Her academic life is similarly characterized. Even though Paul gave her strategies for memorizing the definitions of the isolated vocabulary words, Sabrina stuck to the belief that her problems would end if only she could find a good dictionary. Ironically, she was correct. When Dr. Samuels accused Sabrina of plagiarism, the instructor repeatedly asked, "Where'd you get those words?" Sabrina's answer, "The dictionary," placated Dr. Samuels, and the next thing Sabrina knew, she had passed the course. At last Sabrina learned something: With the help of Paul, divine intervention, and a "good dictionary," she could pass English.
Although her prior actions indicate that she will wait until she realizes she is failing a course before seeking assistance, perhaps Sabrina will return to Paul at the beginning of the next term for the help she needs and deserves. If she does, I hope he will step back for a good look at his student and design an educational plan that fits her needs rather than the agenda of the school. In order for any plan to be successful though, Paul must first establish himself as the person in charge of facilitating Sabrina's language development. This won't be easy since Sabrina tends to gather information from nonacademic sources such as friends and magazines and often makes incorrect decisions about which advice to follow. Further complicating the issue are the opposing pedagogical beliefs and methods of Paul and Dr. Samuels. Even though it is unlikely that Sabrina will take a class from Dr. Samuels in the future, she will surely remember this instructor's approach. Sabrina may be hesitant to accept that learning esoteric vocabulary words presented in grammatically incorrect context is not appropriate, and that good writing is not simply a collection of words written in grammatically correct juxtaposition, but she will need to trust Paul's expertise.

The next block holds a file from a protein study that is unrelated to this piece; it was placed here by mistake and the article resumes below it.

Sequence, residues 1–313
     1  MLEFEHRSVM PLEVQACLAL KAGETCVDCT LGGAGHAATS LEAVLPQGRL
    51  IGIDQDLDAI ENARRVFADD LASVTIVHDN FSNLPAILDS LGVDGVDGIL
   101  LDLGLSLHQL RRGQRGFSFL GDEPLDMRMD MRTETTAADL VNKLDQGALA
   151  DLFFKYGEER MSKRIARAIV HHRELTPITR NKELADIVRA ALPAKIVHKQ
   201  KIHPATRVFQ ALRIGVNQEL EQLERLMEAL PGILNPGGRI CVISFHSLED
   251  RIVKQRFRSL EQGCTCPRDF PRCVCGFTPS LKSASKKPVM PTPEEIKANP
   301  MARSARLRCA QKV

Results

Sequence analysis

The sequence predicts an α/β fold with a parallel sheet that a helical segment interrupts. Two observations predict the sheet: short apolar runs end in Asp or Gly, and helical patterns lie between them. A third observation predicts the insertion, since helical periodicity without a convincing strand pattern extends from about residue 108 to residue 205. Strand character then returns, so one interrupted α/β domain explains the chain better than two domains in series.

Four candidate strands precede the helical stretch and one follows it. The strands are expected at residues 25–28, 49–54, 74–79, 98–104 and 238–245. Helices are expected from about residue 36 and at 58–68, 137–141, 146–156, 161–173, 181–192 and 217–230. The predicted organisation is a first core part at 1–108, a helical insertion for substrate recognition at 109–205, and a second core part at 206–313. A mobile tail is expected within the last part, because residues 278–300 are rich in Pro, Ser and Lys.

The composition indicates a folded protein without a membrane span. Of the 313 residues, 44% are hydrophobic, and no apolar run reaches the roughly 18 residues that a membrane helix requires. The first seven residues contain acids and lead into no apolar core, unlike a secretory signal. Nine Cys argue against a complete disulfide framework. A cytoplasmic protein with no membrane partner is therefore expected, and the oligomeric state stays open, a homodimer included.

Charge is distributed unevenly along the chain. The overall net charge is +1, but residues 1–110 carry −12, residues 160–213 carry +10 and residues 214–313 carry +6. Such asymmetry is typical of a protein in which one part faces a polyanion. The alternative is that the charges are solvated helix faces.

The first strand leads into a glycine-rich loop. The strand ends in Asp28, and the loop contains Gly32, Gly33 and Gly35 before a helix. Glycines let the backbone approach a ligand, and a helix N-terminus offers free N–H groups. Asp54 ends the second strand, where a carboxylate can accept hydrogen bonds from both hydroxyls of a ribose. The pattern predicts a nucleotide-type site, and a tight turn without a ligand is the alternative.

Paul must warn Sabrina that, if she wants his help, she must agree to follow his suggestions. He needs to let her know that, regardless of what information and advice she hears elsewhere, he is the authority. Paul doesn't have to sound dictatorial, but he should be firm. He can explain that among educators there are differences in teaching methods and materials, but if she is to study with him, she must trust him. Sabrina can ask him to explain his rationale for using his chosen methods and materials, but she cannot expect him to use those of another instructor. He will be happy to work with her on an individualized educational plan, as long as it is one that is consistent with his pedagogical beliefs.
If Sabrina doesn't agree to abide by the ground rules, I believe that Paul should wish her well and refuse to work with her. If she does agree, then Paul can proceed with his professional integrity and his sanity intact.
Several factors should be considered when designing a learning plan for Sabrina. One factor, and perhaps the most important, is Sabrina's interests (Wadlington &, Hicks, 1995). She states that she enjoys reading information that can help her with her daily life, and her choice of leisure reading material validates her statement. Paul can successfully use Sabrina's affective domain to facilitate her learning by selecting reading material from the popular literature she enjoys. As an added benefit, Paul can help Sabrina make judgments as to the validity and effectiveness of the information found in these publications.